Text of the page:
Fortunately, the fix was less scary (sometimes, just typing stuff I don’t know or understand into the terminal is frightening but I’m so desperate, I can’t wait) and much easier than usual.

If your iMac webcam isn’t working in PhotoBooth or FaceTime, for example, type the following into the Terminal:

sudo killall VDCAssistant

You’ll probably have to type your administrator password.

I didn’t even need to restart PhotoBooth.

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My Future In Data Journalism

Is there a cooler phrase in the English language than “Data Journalism”? I didn’t think so!

The hottest thing on my To Do list this very second is Google‘s Data Journalism course.

Directly Related links:

Indirectly Related links:

Ugh … what was the site from which I first heard of “data journalism”?

Note to self … it’s bookmarked in your browser at work.

Ah-hah! It was ProPublica! Because of their Data Store! Yay!

Seriously, I’ve written about the mind-bogglingly awesome gamified eLearning at AlJazeera.com … but I can’t find that post (right now) to link to …

Posted in elearning, Google, Open Data | Tagged | Leave a comment

Procrastinating Is Now A Tradition

I say “tradition” because, if it’s really a “habit,” that makes me very sad.

It turns out, My Second Cron Job didn’t do it’s job. I looked at it (after the first few of the new batch of reminder emails) but couldn’t figure out why it didn’t work. The tutorial mentioned in that post might just be wrong, I still need to check on that …

… someday.

On the bright side, My First Cron Job has been faithfully gathering data from Spotify. Once I have a little time — this isn’t procrastination, honestly, it’s time management with school, job, wife, kids — I need to write the other scripts to gather not just Artist data but also albums and tracks.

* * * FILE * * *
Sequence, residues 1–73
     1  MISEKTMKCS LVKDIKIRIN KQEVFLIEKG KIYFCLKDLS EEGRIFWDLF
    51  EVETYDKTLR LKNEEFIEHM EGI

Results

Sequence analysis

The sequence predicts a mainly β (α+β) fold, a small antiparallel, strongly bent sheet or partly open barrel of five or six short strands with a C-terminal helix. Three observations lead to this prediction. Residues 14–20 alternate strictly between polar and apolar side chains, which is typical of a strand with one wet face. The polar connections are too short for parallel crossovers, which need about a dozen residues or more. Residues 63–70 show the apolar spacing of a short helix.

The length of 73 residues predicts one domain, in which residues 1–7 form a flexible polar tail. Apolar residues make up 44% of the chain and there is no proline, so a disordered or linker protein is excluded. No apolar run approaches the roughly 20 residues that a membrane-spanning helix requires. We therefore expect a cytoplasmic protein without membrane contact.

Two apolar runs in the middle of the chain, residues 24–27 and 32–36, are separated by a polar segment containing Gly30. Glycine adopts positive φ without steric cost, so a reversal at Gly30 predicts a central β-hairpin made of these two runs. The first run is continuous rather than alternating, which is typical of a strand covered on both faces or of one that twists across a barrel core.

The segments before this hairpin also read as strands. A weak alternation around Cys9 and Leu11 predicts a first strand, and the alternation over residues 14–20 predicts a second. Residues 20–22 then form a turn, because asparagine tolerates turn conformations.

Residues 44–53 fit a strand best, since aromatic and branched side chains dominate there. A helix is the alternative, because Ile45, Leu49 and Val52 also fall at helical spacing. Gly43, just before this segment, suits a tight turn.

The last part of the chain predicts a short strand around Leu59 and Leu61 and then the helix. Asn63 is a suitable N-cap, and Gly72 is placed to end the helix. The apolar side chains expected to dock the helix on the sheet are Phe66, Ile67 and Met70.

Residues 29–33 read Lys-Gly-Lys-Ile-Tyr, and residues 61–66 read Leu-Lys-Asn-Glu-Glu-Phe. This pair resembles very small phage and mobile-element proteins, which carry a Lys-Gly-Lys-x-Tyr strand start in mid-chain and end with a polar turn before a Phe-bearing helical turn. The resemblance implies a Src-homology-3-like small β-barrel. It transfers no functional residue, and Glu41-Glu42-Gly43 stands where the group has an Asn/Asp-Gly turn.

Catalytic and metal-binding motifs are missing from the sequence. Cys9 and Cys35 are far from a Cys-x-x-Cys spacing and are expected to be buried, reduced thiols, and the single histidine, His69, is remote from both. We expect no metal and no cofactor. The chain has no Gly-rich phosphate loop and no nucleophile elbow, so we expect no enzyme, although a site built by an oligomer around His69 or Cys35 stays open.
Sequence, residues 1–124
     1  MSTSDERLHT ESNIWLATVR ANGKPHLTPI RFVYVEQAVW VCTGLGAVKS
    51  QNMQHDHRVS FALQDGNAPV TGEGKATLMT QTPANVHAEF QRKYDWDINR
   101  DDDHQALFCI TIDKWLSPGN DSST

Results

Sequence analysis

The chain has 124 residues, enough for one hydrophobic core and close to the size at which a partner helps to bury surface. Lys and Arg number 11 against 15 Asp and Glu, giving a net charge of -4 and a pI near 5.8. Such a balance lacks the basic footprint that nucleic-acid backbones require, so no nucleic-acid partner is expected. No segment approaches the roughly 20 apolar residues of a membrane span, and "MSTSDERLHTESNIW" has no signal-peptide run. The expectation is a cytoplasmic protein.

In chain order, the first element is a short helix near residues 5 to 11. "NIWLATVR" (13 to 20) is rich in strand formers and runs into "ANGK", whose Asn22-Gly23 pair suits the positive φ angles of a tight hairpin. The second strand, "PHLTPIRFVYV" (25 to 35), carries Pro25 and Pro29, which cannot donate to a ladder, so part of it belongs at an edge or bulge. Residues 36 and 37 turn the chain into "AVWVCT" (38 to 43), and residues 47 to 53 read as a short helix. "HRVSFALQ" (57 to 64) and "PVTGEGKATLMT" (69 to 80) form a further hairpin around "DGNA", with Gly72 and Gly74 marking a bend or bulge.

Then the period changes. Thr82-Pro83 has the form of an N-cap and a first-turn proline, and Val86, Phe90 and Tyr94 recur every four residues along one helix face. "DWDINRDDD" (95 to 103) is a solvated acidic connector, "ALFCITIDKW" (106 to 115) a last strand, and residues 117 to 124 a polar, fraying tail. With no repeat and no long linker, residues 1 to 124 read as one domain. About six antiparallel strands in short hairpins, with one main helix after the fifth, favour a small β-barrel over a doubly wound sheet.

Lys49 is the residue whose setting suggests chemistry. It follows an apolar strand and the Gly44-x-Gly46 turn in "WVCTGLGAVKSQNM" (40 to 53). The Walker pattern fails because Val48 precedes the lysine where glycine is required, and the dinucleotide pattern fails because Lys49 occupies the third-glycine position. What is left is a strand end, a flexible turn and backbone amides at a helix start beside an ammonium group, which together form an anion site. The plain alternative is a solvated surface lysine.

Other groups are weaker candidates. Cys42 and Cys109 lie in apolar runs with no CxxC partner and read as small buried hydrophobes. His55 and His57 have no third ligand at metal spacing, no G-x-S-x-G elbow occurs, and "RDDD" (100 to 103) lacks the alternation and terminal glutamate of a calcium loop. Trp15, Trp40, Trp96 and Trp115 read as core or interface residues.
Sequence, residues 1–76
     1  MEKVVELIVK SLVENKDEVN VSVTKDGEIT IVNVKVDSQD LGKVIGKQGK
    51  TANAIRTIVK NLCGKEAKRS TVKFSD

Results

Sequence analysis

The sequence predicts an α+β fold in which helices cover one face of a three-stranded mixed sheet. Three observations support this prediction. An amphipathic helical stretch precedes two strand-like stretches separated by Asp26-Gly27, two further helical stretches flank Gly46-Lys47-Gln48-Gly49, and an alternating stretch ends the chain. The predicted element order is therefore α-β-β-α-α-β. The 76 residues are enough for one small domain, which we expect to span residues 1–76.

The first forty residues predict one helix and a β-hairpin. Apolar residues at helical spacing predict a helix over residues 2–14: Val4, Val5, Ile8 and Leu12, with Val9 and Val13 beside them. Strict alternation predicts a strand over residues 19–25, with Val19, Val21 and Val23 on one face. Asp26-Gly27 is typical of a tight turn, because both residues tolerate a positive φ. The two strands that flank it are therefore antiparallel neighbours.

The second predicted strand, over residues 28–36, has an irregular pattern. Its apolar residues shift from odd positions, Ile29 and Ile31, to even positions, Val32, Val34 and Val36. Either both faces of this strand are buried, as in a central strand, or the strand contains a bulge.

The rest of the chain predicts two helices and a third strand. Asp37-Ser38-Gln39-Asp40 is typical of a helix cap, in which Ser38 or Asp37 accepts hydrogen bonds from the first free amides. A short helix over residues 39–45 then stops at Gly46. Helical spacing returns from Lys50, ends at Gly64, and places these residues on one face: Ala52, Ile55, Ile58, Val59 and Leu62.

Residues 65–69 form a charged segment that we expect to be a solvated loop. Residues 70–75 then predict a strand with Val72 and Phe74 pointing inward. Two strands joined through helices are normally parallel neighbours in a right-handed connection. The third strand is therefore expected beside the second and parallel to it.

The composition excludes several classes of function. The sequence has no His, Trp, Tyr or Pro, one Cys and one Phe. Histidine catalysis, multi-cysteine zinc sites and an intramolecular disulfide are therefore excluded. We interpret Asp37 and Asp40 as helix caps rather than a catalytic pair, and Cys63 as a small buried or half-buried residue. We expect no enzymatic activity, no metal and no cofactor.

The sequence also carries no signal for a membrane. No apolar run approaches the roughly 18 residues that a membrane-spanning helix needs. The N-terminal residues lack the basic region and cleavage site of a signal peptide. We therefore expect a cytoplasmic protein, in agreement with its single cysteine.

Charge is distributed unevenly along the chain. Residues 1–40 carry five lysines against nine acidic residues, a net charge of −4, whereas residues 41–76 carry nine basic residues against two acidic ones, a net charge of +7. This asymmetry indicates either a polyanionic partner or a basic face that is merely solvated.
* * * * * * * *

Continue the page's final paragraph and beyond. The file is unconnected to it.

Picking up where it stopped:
I really, really need to not put off security tasks because at best, somebody’s shizzle is compromised and, at worst, I can’t be a smug, self-righteous prick when others have security issues without being a hypocrite.

Posted in myProjects, UNIX | Leave a comment

Promises for Five-Year-Olds

This is a work in progress …

I’m happily going through the Grow with Google Challenge Scholarship: Mobile Web course at Udacity. We use javascript promises throughout which I kinda sorta basically understood the basic concept of. I didn’t completely get it but I knew we’d cover it later and everyone in the forums raved about Udacity’s standalone JavaScript Promises course so I planned on taking that after finishing Mobile Web. I wasn’t worried. I understood the structure just enough to put things together and pass the quizzes (eventually) by basing my answers on examples we were given.